“It’s working good. I’m getting a lot faster,” Pennymon said of Hurricane Beach. “I’m expecting to have a big season.”
“It’s part of our running program that we do, trying to build speed and increase those fast-twitch muscles. It helps stability, acceleration in the sand. Once you get in the grass, it’s a little bit easier,” King said of the sandpit. “On that unstable surface, it really develops those ligaments and those tendons. One of the things I found out when I got here is we have had some knee injuries and a few ankle injuries, so I thought, ‘What can we do?’ So we’ve revamped what we’ve done in the weight room and then I wanted to put that sandpit in. The kids will say they really like it and it’s helping. They’ve labeled it Hurricane Beach and they take a lot of pride in getting in that sandpit.”
In addition to speed training, King is hoping the offseason strength program will benefit the Canes when the season rolls around.
“Without a doubt, we need to gain weight and get stronger. We want to make sure we get faster, more agile,” King said. “We want to continue to build on that basis and get a lot stronger in the weight room. We’ll max out next Thursday and that will tell us. A couple of the coaches that come from other sports and have seen some of the kids have said it’s only been four or five weeks and they can already tell a big difference.”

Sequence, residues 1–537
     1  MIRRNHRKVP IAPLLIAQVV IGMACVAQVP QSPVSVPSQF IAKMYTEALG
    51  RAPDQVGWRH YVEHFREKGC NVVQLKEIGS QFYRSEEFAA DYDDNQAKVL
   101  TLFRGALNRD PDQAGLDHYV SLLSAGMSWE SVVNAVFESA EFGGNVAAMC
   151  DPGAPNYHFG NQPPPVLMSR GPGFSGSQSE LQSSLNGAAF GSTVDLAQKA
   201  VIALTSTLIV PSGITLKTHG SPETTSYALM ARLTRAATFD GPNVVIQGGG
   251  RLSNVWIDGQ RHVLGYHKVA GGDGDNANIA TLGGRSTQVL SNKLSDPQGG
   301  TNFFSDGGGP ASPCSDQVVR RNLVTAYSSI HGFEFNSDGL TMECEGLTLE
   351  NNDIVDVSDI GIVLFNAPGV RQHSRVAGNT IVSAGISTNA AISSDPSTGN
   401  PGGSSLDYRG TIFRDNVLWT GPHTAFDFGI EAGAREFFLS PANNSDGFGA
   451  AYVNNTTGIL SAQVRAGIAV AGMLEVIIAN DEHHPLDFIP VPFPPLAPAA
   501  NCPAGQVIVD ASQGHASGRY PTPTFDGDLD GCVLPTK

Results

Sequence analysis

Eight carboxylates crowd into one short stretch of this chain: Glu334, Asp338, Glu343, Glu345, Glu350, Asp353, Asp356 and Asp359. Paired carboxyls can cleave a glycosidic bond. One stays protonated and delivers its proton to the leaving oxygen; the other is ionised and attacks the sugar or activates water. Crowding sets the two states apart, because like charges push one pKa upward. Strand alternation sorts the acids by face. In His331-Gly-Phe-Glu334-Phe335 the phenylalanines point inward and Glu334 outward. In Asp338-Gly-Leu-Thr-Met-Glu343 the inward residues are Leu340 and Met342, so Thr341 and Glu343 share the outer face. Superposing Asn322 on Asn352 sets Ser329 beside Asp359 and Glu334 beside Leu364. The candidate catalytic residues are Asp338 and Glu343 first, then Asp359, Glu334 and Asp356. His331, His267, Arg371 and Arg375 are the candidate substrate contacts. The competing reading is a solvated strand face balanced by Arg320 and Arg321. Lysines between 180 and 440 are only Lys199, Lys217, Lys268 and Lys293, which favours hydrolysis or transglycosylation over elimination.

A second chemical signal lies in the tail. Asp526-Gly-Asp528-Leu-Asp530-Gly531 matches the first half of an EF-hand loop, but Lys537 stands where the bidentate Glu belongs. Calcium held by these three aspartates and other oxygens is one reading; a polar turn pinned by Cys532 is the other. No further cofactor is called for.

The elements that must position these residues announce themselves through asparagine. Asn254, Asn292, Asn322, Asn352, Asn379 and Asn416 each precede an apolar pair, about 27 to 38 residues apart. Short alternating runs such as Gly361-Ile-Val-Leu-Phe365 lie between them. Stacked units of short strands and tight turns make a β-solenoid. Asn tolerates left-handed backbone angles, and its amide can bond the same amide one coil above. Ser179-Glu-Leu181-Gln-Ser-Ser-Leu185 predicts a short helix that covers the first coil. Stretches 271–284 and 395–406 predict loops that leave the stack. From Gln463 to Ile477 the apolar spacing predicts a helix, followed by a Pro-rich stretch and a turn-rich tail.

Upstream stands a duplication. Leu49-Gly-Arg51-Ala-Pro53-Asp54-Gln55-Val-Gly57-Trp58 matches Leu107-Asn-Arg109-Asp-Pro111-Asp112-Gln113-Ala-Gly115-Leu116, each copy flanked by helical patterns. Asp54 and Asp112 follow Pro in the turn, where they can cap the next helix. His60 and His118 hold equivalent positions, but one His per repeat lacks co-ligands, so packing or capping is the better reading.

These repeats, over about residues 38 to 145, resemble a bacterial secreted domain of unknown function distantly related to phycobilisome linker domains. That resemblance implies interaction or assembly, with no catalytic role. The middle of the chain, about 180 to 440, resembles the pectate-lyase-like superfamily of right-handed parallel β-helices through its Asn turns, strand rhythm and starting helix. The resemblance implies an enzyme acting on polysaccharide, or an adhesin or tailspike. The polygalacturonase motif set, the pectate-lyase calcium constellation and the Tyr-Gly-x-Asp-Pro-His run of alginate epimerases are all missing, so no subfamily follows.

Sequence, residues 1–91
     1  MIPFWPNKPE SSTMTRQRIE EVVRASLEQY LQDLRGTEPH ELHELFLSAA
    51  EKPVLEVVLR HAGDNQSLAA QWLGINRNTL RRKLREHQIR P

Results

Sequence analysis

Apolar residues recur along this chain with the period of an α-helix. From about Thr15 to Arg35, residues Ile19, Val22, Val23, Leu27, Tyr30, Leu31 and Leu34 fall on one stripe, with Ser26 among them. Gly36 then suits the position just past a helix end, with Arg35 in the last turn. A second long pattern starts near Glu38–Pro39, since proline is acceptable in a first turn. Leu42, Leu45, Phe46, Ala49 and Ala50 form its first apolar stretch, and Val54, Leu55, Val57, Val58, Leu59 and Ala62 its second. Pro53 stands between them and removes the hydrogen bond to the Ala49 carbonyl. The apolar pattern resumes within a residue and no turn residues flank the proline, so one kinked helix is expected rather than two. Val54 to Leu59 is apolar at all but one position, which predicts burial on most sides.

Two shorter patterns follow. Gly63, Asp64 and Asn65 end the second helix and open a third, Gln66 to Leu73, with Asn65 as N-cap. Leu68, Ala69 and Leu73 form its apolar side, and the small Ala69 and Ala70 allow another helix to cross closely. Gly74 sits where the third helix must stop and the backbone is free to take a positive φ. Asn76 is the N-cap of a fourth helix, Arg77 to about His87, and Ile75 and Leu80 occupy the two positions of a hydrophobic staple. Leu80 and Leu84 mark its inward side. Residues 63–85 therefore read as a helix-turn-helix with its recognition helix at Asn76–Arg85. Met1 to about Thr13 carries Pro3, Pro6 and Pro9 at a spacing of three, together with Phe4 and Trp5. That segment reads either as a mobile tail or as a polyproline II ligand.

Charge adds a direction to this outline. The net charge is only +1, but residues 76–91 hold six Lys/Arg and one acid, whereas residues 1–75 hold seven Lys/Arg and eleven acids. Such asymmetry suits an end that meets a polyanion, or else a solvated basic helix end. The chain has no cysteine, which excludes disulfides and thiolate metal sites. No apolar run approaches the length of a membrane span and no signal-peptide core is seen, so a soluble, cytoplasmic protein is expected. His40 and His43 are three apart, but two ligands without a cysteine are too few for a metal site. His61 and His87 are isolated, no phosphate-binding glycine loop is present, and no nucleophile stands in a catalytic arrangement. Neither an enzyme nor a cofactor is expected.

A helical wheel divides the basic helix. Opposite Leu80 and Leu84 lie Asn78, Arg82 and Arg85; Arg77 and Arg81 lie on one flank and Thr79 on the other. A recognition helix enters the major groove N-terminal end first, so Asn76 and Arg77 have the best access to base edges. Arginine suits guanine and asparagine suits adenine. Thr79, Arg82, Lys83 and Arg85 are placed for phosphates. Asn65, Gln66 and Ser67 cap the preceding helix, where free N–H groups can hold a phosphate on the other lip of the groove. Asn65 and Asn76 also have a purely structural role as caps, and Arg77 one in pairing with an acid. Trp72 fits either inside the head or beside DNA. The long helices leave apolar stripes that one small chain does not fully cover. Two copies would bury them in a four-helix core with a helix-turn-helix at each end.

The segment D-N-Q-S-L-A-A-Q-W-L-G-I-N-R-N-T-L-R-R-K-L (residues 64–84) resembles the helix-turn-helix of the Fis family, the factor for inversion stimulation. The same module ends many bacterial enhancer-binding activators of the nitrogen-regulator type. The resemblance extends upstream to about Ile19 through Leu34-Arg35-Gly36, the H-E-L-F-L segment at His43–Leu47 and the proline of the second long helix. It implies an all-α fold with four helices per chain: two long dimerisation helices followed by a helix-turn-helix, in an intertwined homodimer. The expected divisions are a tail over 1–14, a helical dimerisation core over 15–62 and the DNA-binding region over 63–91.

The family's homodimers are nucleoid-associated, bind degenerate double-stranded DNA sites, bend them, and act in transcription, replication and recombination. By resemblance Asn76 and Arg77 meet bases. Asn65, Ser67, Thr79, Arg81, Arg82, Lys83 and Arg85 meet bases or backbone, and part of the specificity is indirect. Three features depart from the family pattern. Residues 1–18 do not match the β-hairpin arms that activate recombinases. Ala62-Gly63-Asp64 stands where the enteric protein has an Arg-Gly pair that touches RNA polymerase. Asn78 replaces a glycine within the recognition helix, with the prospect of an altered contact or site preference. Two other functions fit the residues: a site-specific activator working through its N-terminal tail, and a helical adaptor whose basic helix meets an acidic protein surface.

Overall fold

The speed and strength work will yield succes on the field, but King also has implemented an off-field regiment for his players in his first season at the helm of the program.
On Saturday, Cartersville offensive linemen volunteered at the Cartersville Boys & Girls Club, playing dodgeball with Cartersville youth. On Monday, Cartersville players helped clean some of the city’s fire trucks.
“We try to get the kids to realize it’s not just about us,” King said. “It’s about the community as a whole, whether it be football, basketball or baseball, school, we have to unite as one and realize the best investment we can make as coaches, teachers and the community is in the young lives of these kids, and we have to make sure that we’re giving back.”